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When it comes to concerns over the rising drug prices, it’s not just an isolated few that should be grabbing the headlines.

A new study published in the Journal of the American Medical Association, which examined prices for the 49 top-selling drugs between January 2012 and December 2017, found virtually all of them rose in price on a regular basis. The median price among those drugs rose 76% over the time period, and 78% of the drugs in the study saw price hikes of at least 50%. More than 4 of 5 products in the study more than doubled in price.

More troubling: The rising prices appear to be immune to the effects of common market forces. The study found that, instead of curbing rising costs, competition among similar drugs actually caused prices to rise together. “For example, we looked at Humira and Enbrel, TNF inhibitors, we looked at insulins, statins, and what we found is the rises in these prices were more correlated with competitors than they were with the rest of the industry,” says Wineinger.

Likewise, generic competition doesn’t seem to be affecting overall prescription drug costs. The mechanism here involves multiple competing trends, according to Wineinger. The cost of generic drugs continues to decrease, but overall spending on drugs has been driven up largely by the big brand-name drugs tracked in the study.

The study comes as the costs of prescription drugs has faced increased scrutiny from the Trump administration and prompted hearings in Congress. After unveiling a drug price blueprint about a year ago, the Department of Health and Human Services recently announced it finalized a rule to require list prices in drug TV ads. It has also proposed to end legal protections for drug rebates in Part D.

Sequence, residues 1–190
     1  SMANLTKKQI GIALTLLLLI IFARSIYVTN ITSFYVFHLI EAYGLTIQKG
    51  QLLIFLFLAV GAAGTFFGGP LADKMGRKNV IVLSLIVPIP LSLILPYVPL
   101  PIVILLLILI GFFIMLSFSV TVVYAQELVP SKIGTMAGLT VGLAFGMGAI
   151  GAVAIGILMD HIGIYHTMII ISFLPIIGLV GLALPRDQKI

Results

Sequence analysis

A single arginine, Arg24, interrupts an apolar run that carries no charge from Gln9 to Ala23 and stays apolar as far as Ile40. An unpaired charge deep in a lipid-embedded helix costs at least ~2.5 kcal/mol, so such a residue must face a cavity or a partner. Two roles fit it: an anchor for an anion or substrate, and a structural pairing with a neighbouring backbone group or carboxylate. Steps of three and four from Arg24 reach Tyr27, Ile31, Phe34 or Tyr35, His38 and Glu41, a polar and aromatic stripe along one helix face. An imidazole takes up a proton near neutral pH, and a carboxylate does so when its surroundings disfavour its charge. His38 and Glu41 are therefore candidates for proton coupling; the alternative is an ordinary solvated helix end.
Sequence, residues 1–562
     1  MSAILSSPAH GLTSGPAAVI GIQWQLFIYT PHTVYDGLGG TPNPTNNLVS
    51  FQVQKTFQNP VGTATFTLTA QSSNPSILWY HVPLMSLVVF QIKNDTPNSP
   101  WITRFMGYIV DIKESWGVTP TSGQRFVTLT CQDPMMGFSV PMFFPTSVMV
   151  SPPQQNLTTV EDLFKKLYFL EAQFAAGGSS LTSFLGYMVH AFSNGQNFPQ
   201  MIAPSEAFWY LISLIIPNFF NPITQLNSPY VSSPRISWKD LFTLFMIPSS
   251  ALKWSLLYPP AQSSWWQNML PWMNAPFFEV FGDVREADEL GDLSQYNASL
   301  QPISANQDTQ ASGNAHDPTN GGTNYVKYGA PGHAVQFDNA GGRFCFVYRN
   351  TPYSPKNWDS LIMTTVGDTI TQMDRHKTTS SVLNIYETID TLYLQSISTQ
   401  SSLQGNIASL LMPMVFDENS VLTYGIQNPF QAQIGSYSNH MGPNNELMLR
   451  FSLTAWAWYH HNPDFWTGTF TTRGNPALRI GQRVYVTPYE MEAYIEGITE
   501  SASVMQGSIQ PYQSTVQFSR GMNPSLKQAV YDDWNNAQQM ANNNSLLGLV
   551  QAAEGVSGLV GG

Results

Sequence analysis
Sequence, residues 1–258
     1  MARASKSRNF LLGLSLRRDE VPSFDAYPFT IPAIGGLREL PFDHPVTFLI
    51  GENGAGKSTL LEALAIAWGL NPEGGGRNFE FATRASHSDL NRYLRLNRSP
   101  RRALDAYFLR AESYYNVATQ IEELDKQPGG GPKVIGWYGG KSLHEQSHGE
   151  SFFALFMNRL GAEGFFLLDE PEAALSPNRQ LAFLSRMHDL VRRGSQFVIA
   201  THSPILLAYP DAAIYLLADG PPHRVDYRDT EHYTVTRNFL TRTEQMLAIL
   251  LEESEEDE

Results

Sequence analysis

The complexity of the prescription drug marketplace obscures the mechanics behind rising drug prices. Wineinger said. In particular, the practice of rebates, which make it difficult to tell whether the list price of a drug is actually a number consumers see at any point in the purchase process. For example, if a rebate accounted for half of a drug’s price rise, it could double over time without affecting what consumers actually pay. Rebates are proprietary information, so it’s impossible for researchers to observe them.

Wineinger is skeptical that rebates are the culprit among the drugs in the study, however. “One of the big things we found is that the prices that people are paying for these drugs are actually correlated with the amount of revenue that each individual product is bringing in, so the drugs that were increasing in cost more actually were bringing in higher revenue than the drugs that were decreasing. So, I think the explanation that these increases in costs are just benign strategies to offset greater reliance on rebates isn’t true for the drugs we examined,” he says.

Wineinger believes that, in the end, the only way to break the upward trend in prescription drug prices will be to allow Medicare and Medicaid to negotiate pricing with pharmaceutical companies. “As long as we’re unwilling to not pay for a drug, I think there’s going to be little incentive for manufacturers to maintain or lower prices.”

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